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Francois Hollande faces austerity revolt from own ministers
French president Francois Hollande is facing an anti-austerity revolt from his own ministers as he pushes through a fresh round of tax rises and austerity to meet EU deficit targets.

Three cabinet members have launched a joint push for a drastic policy change, warning that cuts have become self-defeating and are driving the country into a recessionary spiral.

“Its high time we opened a debate on these policies, which are leading the EU towards a debacle. If budget measures are killing growth, it is dangerous and absurd,” said industry minister Arnaud Montebourg.

“What is the point of fiscal consolidation if the economy goes to the dogs. Budget discipline is one thing, cutting to death is another,” he said.

Mr Hollande will on Wednesday unveil another round of belt-tightening worth €12bn, even though Paris is already carrying out the harshest fiscal squeeze since the Second World War and France may already be in a triple-dip recession.

The cuts are hard to reconcile with Mr Hollande’s campaign pledge last year to end austerity. They have set off furious criticism across the French Left. “Austerity is no longer tenable in Europe today with millions of unemployed,” said social economy minister Benoît Hamon.

Mr Hollande has sought to restore discipline, warning that “no minister is entitled to call into question the policy we have in place”. Yet he is struggling to justify why France is passively complying with German doctrines.

He flirted with the idea of "Latin bloc" to confront Berlin last year but ultimately backed down, cleaving like his predecessors to the Franco-German alliance. Any deviation from EU Fiscal Compact would lead to a showdown with Berlin.

Mr Montebourg appears to have broken ranks entirely, accusing Germany of running the euro into the ground by squeezing German wages to gain competitive advantage, warning that it is unacceptable for one country to “impose” its own agenda.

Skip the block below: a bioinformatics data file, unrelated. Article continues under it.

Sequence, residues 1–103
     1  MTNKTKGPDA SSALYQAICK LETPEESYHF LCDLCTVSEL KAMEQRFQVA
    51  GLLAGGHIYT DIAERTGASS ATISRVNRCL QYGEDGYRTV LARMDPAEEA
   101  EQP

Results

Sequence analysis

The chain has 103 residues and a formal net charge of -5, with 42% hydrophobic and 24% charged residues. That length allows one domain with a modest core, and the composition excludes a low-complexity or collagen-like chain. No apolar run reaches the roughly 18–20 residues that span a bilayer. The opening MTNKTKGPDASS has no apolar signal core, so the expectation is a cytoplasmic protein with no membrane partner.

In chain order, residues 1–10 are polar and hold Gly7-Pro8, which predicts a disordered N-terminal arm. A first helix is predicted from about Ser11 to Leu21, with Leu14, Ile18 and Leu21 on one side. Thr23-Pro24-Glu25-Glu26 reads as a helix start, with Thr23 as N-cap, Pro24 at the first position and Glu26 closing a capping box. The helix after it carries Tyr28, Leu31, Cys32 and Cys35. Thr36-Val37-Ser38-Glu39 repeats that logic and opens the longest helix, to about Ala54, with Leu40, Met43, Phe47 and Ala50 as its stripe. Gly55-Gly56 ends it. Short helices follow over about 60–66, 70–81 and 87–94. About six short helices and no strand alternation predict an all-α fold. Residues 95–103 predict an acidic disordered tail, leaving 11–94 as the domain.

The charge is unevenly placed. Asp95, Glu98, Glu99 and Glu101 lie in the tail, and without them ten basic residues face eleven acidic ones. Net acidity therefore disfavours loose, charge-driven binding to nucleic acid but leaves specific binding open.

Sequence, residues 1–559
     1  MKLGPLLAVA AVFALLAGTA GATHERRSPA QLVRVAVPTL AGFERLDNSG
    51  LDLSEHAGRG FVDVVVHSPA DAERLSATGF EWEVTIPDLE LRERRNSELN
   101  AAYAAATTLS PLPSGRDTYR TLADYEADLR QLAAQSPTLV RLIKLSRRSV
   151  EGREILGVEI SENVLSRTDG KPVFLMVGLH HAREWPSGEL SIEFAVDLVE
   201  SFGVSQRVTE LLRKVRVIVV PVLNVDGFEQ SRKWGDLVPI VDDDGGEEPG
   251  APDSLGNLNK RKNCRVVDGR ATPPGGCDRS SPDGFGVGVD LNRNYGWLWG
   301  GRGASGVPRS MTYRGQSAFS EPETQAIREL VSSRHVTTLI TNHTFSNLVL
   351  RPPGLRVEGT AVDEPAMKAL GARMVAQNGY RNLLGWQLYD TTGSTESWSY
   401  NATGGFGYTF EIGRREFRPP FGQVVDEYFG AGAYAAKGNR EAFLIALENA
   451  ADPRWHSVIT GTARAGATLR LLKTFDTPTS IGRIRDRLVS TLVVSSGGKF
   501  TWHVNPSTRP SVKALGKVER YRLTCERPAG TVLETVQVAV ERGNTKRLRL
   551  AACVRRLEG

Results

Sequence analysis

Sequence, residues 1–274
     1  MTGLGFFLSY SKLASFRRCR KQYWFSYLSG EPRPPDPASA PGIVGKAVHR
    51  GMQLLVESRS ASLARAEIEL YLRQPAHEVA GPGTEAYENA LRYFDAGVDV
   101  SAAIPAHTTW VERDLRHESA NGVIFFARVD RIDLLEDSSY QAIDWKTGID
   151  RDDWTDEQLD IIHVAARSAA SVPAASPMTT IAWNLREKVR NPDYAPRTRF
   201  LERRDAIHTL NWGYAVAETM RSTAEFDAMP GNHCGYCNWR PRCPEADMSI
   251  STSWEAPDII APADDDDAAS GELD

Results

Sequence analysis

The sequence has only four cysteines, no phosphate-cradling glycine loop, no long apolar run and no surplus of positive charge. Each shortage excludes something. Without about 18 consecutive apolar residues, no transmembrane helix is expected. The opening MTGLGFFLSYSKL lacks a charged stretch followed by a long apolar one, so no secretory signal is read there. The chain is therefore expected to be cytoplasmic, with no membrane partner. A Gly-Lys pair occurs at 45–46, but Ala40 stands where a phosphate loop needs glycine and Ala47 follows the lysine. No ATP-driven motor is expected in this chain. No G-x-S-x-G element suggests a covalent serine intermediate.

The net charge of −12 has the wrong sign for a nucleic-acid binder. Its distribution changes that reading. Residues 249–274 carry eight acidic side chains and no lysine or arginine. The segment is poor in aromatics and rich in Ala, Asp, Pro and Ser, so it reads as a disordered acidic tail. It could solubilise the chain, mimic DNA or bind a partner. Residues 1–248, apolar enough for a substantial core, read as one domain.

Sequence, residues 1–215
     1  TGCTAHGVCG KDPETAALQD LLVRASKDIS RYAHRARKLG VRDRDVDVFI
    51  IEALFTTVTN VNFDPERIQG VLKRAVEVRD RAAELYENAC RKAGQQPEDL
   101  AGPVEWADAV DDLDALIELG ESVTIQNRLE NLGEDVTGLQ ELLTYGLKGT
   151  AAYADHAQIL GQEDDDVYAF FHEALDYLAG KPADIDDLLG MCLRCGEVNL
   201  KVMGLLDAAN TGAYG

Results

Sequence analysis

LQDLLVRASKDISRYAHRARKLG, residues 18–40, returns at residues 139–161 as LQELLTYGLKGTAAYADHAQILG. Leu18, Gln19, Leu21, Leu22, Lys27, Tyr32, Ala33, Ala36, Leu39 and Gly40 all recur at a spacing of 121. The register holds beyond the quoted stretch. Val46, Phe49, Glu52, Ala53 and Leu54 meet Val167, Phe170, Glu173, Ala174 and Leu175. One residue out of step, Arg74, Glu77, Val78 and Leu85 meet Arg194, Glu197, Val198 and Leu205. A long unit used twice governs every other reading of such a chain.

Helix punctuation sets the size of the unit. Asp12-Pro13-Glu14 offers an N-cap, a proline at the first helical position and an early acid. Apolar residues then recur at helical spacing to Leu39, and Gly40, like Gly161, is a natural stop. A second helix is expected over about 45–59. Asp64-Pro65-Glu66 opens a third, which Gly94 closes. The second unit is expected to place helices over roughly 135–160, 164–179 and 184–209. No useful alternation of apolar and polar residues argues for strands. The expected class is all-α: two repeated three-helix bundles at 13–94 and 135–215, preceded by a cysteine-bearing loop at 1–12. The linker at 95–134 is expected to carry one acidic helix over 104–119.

Almost all the austerity measures will come from tax rises, pension fees and a “green’ levy, rather than spending cuts. The state sector will climb to a record 56.9pc of GDP this year as the economic contraction eats into the private sector. Public spending has reached Scandinavian levels, without nordic labour flexibility.

Pierre Gattaz, head of the industry federation, said the French state is out of control. “Company bosses are in panic, stressed by falling order booksm, the tax burden and a loss of competitiveness.”

Critics say the French tax squeeze is not even helping to curb borrowing. France is at growing risk of a debt trap as the slump itself erodes tax revenues. Public debt will jump to 94pc of GDP next year, a drastic upward revision from 90.5pc.

A report prepared for EMU finance ministers over the weekend by the Breugel forum in Brussels said the eurozone’s crisis strategy is a failure, a nexus of confused policies that cut against each other.

Fiscal overkill is stopping the banks returning to health, while foot-dragging on the EU bank union is perpetuating the credit crunch in the Club Med bloc.

Sky-high unemployment is eroding job skills and “undermining Europe’s long-term growth potential”. Low growth is making it “much tougher for hard-hit economies in southern Europe to recover competititveness and regain control of their public finances”.

Breugel said the apparent success of EMU’s “internal devaluation” strategy - where crisis states cut unit labour costs to claw back lost competitiveness - is an illusion caused by distortions to the productivity data. “There have been very few truly good performers,” it said.

The report called for a radical shift in policy to break out of the vicious circle and prevent Europe being left behind as the US recovers. Yet as so often in this long saga EMU finance ministers appeared to have ignored the findings of their own experts.
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